How Lawmakers Want To End Forced Prison Labor & “Finally Abolish Slavery”

Democrats want to amend the “Punishment Clause” of the 13th Amendment, which they say has “continued to drive the over-incarceration of Black Americans throughout the Jim Crow era.”

In this Dec. 11, 2007, file photo, members of the Maricopa County DUI chain gang are escorted to their assignment in Phoenix. National lawmakers are expected on Wednesday, Dec. 2, 2020, to introduce a joint resolution aimed at striking language from the U.S. Constitution that enshrines a form of slavery in America’s foundational documents. Many Americans will recognize modern-day prison labor as chain gangs deployed from prison facilities for agricultural and infrastructure work. | AP
In this Dec. 11, 2007, file photo, members of the Maricopa County DUI chain gang are escorted to their assignment in Phoenix. National lawmakers are expected on Wednesday, Dec. 2, 2020, to introduce a joint resolution aimed at striking language from the U.S. Constitution that enshrines a form of slavery in America’s foundational documents. Many Americans will recognize modern-day prison labor as chain gangs deployed from prison facilities for agricultural and infrastructure work. | AP

Congressional Democrats are aiming to end forced prison labor in the U.S. by modifying a section of the 13th Amendment — a move lawmakers say would “finally abolish slavery.”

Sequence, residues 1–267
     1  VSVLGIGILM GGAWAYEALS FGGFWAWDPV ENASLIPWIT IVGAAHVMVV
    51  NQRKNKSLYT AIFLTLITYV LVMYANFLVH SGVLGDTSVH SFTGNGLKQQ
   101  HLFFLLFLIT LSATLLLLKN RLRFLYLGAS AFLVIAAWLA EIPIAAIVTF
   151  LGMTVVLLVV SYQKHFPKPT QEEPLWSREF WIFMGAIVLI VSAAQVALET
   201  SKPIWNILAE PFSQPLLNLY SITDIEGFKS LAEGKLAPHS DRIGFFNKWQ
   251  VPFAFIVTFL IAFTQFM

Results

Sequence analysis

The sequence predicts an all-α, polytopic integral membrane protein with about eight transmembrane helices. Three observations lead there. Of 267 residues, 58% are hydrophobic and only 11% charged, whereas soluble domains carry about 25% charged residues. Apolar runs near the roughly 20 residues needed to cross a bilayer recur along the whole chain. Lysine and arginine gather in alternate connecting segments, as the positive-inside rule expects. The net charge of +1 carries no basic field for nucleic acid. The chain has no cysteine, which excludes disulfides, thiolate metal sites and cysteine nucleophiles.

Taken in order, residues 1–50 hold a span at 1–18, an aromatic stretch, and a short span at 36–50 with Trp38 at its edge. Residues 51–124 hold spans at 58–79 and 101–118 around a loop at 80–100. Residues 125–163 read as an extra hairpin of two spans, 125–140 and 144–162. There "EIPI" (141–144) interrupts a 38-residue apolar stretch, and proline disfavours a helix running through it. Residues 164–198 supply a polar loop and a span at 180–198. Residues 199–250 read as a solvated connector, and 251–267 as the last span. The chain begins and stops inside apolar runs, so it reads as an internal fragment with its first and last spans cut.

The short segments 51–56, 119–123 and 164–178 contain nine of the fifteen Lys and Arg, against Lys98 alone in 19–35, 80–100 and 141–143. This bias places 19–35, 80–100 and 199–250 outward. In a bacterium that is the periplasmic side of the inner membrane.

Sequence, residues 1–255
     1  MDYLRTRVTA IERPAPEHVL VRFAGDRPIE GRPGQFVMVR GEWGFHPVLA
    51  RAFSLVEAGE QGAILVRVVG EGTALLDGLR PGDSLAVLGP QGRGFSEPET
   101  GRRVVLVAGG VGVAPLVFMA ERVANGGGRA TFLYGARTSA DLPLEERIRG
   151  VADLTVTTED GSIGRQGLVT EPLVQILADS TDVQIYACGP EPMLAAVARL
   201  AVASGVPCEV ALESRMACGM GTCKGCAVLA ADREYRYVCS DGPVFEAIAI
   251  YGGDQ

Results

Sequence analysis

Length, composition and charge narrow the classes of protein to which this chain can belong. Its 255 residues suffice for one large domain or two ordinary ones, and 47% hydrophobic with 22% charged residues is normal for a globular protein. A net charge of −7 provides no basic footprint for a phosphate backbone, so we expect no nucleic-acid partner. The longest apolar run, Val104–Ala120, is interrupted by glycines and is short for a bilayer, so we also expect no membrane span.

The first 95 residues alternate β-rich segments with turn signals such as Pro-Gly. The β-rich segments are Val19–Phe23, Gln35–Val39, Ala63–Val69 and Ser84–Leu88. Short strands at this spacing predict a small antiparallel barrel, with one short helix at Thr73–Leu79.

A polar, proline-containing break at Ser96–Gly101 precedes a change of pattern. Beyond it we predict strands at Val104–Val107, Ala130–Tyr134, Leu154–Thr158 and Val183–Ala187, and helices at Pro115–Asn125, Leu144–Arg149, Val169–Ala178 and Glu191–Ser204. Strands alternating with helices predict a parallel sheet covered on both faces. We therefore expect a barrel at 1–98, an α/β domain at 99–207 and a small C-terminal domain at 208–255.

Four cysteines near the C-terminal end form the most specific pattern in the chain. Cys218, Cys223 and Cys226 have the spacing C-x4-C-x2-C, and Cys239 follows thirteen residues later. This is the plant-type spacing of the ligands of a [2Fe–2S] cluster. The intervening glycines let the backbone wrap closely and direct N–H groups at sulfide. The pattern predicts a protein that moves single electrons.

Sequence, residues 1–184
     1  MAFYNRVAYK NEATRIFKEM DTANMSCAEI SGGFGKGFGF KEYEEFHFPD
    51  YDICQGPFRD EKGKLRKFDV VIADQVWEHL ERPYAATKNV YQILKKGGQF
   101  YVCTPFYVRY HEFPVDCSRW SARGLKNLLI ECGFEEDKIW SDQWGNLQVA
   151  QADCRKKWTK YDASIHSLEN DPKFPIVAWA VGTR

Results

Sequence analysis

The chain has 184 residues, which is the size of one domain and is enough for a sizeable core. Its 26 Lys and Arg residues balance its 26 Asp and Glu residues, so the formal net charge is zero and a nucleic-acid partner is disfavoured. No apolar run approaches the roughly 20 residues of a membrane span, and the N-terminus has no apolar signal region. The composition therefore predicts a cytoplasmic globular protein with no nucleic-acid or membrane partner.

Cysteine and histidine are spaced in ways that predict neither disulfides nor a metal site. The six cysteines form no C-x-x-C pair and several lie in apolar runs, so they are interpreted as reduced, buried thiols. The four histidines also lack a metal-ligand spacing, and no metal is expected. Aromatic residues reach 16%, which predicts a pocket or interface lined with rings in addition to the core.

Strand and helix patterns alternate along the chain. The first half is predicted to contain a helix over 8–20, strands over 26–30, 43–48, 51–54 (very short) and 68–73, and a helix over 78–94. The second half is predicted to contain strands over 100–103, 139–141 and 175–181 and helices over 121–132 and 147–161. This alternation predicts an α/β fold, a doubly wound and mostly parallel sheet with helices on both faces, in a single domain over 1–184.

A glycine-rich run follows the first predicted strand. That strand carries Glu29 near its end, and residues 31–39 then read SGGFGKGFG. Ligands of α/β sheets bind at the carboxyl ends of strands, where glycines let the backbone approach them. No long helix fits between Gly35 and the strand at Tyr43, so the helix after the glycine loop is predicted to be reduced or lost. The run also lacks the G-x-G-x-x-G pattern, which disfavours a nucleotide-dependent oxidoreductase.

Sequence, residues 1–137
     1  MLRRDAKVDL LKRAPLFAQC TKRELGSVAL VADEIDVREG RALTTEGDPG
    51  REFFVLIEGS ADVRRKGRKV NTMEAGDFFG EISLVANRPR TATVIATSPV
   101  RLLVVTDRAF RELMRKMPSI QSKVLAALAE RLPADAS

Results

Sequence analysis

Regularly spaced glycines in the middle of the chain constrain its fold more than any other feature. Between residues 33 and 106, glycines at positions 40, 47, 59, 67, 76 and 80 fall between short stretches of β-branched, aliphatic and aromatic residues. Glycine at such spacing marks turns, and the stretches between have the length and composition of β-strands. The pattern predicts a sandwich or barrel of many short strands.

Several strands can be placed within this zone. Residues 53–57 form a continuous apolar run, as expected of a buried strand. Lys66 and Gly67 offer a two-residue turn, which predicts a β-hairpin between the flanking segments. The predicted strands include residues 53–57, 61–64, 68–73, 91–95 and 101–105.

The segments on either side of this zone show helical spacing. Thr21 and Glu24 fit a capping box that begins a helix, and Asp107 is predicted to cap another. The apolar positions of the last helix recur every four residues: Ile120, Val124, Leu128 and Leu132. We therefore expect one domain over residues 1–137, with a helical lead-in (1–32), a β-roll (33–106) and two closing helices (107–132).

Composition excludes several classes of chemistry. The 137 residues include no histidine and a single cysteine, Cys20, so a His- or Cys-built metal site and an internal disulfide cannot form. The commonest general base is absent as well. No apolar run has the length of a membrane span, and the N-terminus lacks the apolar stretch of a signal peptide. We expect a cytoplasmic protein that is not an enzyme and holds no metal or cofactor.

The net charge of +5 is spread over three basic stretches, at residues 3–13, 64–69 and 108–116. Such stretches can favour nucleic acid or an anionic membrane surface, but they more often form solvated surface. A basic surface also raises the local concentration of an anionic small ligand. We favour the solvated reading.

Sen. Jeff Merkley (D-OR) and outgoing Rep. Lacy Clay (D-MO) introduced a joint resolution on Wednesday called the “Abolition Amendment,” which would remove the “Punishment Clause” of the 13th Amendment, which was ratified in 1865.

Language in the amendment banned slavery and involuntary servitude, except “as a punishment for crime whereof the party shall have been duly convicted.”

The resolution states that the clause “continued to drive the over-incarceration of Black Americans throughout the Jim Crow era,” and gave way to systems and campaigns that disproportionately impact communities of color such as the War on Drugs.

According to Bureau of Justice Statistics cited in Merkley's summary of the resolution, 900,000 people are engaged in forced labor in the United States. The summary also states that 97% of incarcerated people, who disproportionately belong to low-income communities or are of color, never had a trial, but were instead coerced into plea deals for non-violent offenses. Defendants in these circumstances are regularly coerced into discriminatory plea deals because they can’t afford bail, according to the Equal Justice Initiative. What’s more, some states do not pay prisoners for their labor, and in most other states, wages are less than $1 per hour.

“It is long past time that Congress excise this language from the US Constitution which should begin to put an end the abusive practices derived from it,” Laura Pitter, deputy director of the U.S. program at Human Rights Watch, said of the proposed amendment.

Merkley and Clay’s resolution follows a summer of nationwide protests over systemic racism and police brutality against Black individuals.

The resolution had 17 co-sponsors, including Sen. Bernie Sanders (I-VT), a former presidential candidate, as well as Sen. Deb Haaland (D-NM), a reported potential nominee for President-elect Joe Biden’s Cabinet. More than a dozen human rights and social justice organizations, including The Sentencing Project and Color of Change, have supported the amendment.